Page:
Why We Use a Literature Based Approach in Homeschooling

I’ve mentioned before (but only in passing) that I prefer a literature-based approach in homeschooling. It didn’t used to be that way. When the teenagers were small, we were more workbook based, but it wasn’t enjoyable for anyone. That’s not to say that everything needs to be fun all the time, especially in schooling, but if your kids aren’t engaged in what’s being taught, they won’t retain any of the information you’re imparting to them. And that’s if you can even get them to do the work in the first place.

Two children are standing in a forest with mythical light. Each one is holding and reading a book.

About the time Ballet Boy was 9 and Scorpion was 6, I joined the Homeschool Review Crew for the first time. Leading up to that point, I’d read an ebook called Homeschooling: Take a Deep Breath – You Can Do This! by Terrie Lynn Bittner. I got it for free at some point in an Amazon promo, and I mostly read it during the nights when I was up with a baby Grasshopper. (It doesn’t appear to be available as a Kindle book anymore, but you can get a paperback copy for about $15.) That book changed our homeschool permanently! There were so many ideas in there for how to run a homeschool, particularly one that didn’t look like “school at home.” It was there that I learned about lap books and that playing games could be a reasonable – and successful – form of learning. I learned about Unit Studies, and that was the method of schooling that really spoke to me the most.

Some of our earliest unit studies were Penguins and Newspapers. I created my own studies for the boys, and all were based around – you guessed it – a book. When we studied penguins, we read Mr. Popper’s Penguins. I created a spelling list for each of the boys revolving around penguins and the antarctic. We created a lap book, and generally had fun learning together. For our newspapers unit, we read Henry and the Paper Route, learned about how paper is made (including creating “wood pulp” from existing paper and reforming it into our own new paper), and took a field trip to the local newspaper office. Those are some of my fondest memories with my older boys.

It was around this time (the next school year, I want to say) that I found Ambleside Online, and we did an entire school year using their curriculum. It’s a lot of reading, but such a good curriculum if you’re looking for something based on “living books” (novels and picture books rather than textbooks). Doing that year of Ambleside, I realized just how much I wanted to incorporate books into our homeschool. They are so vital to memorable learning, and I’m forever grateful I finally came around to a different way of teaching my boys.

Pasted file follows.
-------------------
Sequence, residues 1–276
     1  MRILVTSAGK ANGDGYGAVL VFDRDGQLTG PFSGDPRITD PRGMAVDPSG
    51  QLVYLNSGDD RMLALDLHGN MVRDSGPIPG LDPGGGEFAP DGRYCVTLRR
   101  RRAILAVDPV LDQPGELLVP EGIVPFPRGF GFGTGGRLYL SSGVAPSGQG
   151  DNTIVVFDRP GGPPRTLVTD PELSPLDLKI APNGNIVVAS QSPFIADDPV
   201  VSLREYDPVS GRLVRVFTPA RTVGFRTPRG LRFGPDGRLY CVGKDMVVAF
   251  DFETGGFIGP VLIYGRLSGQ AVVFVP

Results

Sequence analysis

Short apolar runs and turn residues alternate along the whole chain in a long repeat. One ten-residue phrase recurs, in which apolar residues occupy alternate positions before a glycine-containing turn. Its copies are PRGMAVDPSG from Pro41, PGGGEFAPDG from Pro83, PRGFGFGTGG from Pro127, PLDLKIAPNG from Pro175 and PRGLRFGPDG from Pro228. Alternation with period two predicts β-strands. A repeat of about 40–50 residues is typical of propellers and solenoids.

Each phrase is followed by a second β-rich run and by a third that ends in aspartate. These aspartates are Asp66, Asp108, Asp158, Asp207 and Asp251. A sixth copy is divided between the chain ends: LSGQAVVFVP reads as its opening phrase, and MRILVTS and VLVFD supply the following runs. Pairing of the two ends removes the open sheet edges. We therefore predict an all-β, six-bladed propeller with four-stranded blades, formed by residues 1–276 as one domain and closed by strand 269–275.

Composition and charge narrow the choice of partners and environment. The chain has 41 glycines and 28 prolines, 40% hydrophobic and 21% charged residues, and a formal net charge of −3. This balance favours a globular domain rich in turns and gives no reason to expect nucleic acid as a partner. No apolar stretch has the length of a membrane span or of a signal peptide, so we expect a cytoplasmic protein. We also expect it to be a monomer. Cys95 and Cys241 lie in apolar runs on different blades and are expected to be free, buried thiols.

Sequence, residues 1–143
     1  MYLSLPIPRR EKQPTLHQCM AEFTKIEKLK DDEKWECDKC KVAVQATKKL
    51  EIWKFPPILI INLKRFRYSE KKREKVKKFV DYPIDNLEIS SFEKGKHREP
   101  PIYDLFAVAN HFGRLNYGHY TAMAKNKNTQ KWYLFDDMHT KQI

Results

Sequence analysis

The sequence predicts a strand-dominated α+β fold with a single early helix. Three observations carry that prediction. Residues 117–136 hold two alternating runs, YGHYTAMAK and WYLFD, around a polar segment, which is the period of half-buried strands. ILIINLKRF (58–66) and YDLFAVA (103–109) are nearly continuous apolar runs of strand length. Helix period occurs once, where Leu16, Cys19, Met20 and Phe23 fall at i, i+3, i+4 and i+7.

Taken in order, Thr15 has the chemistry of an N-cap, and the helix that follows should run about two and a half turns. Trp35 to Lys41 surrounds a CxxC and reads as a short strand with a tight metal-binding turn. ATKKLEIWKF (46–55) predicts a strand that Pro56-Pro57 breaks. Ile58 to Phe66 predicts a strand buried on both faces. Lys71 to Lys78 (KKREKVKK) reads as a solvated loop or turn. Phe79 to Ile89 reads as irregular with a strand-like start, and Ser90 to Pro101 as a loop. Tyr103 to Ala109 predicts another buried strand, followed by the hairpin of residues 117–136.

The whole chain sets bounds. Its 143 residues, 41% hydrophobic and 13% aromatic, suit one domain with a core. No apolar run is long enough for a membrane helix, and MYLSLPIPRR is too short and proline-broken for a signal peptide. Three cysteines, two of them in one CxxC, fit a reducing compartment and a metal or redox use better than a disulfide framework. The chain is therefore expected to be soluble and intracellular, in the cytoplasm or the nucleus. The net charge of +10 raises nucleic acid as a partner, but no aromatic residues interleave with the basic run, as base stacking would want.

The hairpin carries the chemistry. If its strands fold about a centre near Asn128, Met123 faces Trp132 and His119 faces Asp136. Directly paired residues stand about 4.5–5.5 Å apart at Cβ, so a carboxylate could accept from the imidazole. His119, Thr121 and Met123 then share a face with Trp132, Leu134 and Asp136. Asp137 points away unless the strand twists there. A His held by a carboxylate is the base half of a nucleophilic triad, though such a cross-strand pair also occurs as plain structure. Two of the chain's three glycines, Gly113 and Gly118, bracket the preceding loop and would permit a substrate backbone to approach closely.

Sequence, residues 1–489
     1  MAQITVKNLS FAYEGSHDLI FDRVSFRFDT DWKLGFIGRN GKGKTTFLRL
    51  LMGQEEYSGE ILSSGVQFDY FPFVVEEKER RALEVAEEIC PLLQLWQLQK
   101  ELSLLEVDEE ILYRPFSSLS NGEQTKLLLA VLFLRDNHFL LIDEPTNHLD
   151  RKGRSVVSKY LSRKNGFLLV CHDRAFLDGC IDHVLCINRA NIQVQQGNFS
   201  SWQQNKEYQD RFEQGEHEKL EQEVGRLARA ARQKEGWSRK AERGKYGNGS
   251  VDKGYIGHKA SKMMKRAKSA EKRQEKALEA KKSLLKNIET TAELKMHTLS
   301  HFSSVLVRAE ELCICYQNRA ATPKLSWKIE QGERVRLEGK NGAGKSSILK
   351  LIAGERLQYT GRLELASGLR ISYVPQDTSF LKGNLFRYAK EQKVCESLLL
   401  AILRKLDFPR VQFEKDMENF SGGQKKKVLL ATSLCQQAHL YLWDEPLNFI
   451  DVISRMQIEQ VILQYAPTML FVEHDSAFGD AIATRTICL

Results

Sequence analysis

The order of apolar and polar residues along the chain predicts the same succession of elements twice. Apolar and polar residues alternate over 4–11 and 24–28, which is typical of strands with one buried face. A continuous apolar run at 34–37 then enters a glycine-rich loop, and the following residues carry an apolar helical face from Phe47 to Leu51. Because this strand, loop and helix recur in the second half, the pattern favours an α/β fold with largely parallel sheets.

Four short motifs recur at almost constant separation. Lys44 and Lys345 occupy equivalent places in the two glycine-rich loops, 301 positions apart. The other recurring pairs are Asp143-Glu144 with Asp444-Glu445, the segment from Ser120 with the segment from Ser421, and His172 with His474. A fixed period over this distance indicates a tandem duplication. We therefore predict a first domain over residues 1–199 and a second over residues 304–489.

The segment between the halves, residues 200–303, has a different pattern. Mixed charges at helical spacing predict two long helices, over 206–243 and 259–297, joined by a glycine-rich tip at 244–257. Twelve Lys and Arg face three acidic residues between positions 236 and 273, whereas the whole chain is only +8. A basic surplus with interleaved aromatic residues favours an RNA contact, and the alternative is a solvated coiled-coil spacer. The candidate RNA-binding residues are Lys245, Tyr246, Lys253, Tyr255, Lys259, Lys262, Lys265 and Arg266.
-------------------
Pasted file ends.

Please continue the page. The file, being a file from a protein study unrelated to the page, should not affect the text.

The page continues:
These days, we get a lot of review products to incorporate into our school days, but I still favor a literature heavy approach. We read a ton of books together, and going heavy on the literature is a good way to incorporate a lot of different learning styles into a single teaching session. Obviously you can’t do everything together when you’re teaching different ages, but you definitely can read books to many children at once. And they’ll all absorb different things from the same book.

You don’t have to “write” your own curriculum if you want to try a literature-based homeschooling approach. There are lots of options out there. One that I haven’t used, but I have gotten a sample of and think has amazing potential is from Leah at As We Walk Along the Road. She even has quite a few free literature unit studies! Homeschool Share has lots of unit studies based on children’s books (both picture books for the younger crowd and kid novels). Progeny Press is an obvious choice for making sure your students get “more” out of each novel. The list goes on and on.

What’s your homeschooling style?